'The Circle' Movie Vs. Book Shows How Big Versions Delve Deep Into Tech & Surveillance
Adapting a book for the big screen is never easy. Luckily, The Circle director James Ponsoldt, who also co-wrote the script with the author himself Dave Eggers, has plenty of experience in this area. Ponsoldt's past two films, The End of the Tour and The Spectacular Now, were both book adaptations. And, just as with his previous works, The Circle movie includes a few major changes to the book. Fans of the original novel might be shocked to find out some of these The Circle movie vs. the book differences, but, where's the fun in movie without surprises?
When it came to adapting Eggers' book, Ponsoldt had two major challenges: narrow down the story to fit into a two-hour film and make sure the technology in the film wouldn't look too dated in 10 or 20 years. "I think a lot of the challenge of this was choosing [what] should not be included in the film, because Dave's book is so packed with ideas," Ponsoldt told CinemaBlend. The director focused on the main themes and conflicts of the book — technology and surveillance — to help get rid of any unnecessary story detail or tech. "I think it all comes down to putting the value system in the people and the relationships and let the technology fall into the background of it, hopefully invisibly," Ponsoldt added.
On the whole, The Circle is pretty faithful to the book. The story still follows Mae (Emma Watson), a young woman who gets a dream job at a massive tech company, The Circle. There, she becomes increasingly enamored with the company and its community culture. The Circle's main objective — to see all and create a kind of surveillance heaven in the name of transparency — also remains in tact in the film adaptation.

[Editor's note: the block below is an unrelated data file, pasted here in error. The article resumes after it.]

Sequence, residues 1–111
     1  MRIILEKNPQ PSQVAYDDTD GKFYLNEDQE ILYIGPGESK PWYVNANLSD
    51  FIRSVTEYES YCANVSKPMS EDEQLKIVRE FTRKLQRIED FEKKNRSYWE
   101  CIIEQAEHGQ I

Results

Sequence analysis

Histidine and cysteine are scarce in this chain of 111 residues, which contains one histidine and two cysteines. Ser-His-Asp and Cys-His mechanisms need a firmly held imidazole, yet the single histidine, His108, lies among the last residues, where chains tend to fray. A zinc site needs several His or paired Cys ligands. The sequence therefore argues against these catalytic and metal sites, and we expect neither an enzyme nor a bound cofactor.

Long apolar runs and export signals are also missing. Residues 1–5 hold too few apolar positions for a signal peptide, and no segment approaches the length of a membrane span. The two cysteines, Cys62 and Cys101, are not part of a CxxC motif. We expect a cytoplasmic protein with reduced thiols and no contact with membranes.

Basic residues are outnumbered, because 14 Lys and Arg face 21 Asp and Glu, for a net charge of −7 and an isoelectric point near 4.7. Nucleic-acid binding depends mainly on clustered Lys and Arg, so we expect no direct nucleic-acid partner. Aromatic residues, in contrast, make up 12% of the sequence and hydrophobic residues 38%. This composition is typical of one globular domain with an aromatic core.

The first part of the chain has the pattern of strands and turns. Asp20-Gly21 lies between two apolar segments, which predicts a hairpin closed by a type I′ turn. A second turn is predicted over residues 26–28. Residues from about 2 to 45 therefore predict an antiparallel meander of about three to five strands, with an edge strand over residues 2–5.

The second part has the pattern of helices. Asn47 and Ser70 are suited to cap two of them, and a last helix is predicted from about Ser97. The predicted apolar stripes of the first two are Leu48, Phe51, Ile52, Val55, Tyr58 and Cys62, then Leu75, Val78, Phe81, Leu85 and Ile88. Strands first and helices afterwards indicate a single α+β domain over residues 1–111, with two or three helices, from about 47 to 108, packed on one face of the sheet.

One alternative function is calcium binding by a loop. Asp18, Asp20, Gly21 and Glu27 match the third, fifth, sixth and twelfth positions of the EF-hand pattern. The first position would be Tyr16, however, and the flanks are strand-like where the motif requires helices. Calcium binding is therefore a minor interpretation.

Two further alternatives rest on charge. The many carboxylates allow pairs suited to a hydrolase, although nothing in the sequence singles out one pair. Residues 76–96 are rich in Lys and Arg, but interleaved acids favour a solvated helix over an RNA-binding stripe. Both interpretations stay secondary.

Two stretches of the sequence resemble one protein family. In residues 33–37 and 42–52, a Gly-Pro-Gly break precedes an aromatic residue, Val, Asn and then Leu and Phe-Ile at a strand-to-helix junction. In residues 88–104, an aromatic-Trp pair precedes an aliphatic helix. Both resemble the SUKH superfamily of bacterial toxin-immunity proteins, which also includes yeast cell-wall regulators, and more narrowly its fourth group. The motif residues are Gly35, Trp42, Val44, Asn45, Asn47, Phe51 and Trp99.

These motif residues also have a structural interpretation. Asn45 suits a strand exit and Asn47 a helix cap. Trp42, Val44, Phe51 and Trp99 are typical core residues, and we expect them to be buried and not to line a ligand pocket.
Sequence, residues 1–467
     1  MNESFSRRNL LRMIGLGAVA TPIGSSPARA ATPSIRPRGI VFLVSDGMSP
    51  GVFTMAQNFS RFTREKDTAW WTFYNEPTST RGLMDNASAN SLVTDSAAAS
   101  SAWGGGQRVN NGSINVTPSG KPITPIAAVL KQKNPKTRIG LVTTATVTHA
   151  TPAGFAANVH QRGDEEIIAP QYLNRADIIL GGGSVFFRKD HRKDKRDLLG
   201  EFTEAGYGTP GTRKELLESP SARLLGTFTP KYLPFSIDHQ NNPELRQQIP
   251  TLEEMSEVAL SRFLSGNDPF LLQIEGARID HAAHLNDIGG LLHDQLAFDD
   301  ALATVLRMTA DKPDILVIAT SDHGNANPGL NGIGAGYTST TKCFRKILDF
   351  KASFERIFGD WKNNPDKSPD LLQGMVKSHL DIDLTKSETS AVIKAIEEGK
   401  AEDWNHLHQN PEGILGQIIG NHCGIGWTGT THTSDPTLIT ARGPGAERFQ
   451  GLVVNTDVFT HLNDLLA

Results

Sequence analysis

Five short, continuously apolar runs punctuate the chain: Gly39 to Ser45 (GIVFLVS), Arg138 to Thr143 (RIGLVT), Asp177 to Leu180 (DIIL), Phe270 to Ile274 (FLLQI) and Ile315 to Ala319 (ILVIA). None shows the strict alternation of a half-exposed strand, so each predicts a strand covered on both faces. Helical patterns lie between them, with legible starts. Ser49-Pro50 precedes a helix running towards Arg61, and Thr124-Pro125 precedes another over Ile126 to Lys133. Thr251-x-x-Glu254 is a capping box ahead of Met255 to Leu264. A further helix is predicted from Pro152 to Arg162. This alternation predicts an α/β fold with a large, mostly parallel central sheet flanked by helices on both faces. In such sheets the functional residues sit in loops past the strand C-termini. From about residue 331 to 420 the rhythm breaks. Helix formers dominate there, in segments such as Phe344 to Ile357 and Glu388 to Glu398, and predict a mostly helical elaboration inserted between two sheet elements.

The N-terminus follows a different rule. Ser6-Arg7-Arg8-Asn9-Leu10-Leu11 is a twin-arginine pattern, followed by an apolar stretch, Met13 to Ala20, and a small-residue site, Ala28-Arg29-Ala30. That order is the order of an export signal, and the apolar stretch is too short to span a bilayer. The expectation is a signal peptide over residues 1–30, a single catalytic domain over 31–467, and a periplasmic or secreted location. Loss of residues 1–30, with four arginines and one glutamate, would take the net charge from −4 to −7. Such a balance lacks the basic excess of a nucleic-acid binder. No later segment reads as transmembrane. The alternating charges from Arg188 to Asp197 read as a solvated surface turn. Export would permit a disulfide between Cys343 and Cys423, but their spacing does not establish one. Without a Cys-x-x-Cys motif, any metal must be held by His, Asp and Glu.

There are, however, a few major changes. Most notably, the role of Bailey (Tom Hanks), one of the Circle founders, appears to have been expanded in the film, making his character specifically a bit more of a villain. Furthermore, the character of Francis, Mae's semi love interest at The Circle was left out of the film, though it's likely his character was incorporated into the character of Kalden/Ty (John Boyega). But the biggest difference between The Circle movie and the book is the ending — spoiler alert.
At the end of Eggers' book, Mae is confronted with a choice: bring down The Circle and prevent the company from gaining immeasurable control over the entire world with their surveillance devices, or reveal that Kalden is plotting against the company. In the novel, Mae decides to turn Kalden in and accept the reality of a surveillance state. In the film, however, Mae exposes The Circle and turns the table on founders Bailey and Tom Stenton (Patton Oswalt) by forcing them to reveal their personal information to the public (just as their devices do). It sounds like a happy ending, but Eggers recently hinted that the film doesn't have the nice, tidy ending one might expect. "It does not turn the ending around and make it happy — but it's different," Eggers revealed in an interview with Mother Jones.
Sure, Mae and Kalden briefly triumph over The Circle, but technology will advance with or without them. The changes to The Circle might change plot points, but it doesn't change the fact that technology will continue to advance surveillance, whether we like it or not.